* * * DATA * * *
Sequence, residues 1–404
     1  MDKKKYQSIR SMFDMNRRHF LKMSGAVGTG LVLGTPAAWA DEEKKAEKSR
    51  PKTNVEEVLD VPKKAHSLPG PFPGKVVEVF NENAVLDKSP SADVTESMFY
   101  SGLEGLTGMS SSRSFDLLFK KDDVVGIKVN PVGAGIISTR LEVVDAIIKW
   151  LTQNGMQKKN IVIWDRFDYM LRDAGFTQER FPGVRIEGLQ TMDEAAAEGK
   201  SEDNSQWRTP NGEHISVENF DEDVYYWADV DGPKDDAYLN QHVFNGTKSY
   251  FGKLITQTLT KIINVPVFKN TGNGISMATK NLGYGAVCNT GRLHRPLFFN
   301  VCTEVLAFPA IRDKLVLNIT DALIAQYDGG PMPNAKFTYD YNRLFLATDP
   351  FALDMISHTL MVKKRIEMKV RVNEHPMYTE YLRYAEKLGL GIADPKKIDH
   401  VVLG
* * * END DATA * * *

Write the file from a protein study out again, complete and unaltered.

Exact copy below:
Sequence, residues 1–404
     1  MDKKKYQSIR SMFDMNRRHF LKMSGAVGTG LVLGTPAAWA DEEKKAEKSR
    51  PKTNVEEVLD VPKKAHSLPG PFPGKVVEVF NENAVLDKSP SADVTESMFY
   101  SGLEGLTGMS SSRSFDLLFK KDDVVGIKVN PVGAGIISTR LEVVDAIIKW
   151  LTQNGMQKKN IVIWDRFDYM LRDAGFTQER FPGVRIEGLQ TMDEAAAEGK
   201  SEDNSQWRTP NGEHISVENF DEDVYYWADV DGPKDDAYLN QHVFNGTKSY
   251  FGKLITQTLT KIINVPVFKN TGNGISMATK NLGYGAVCNT GRLHRPLFFN
   301  VCTEVLAFPA IRDKLVLNIT DALIAQYDGG PMPNAKFTYD YNRLFLATDP
   351  FALDMISHTL MVKKRIEMKV RVNEHPMYTE YLRYAEKLGL GIADPKKIDH
   401  VVLG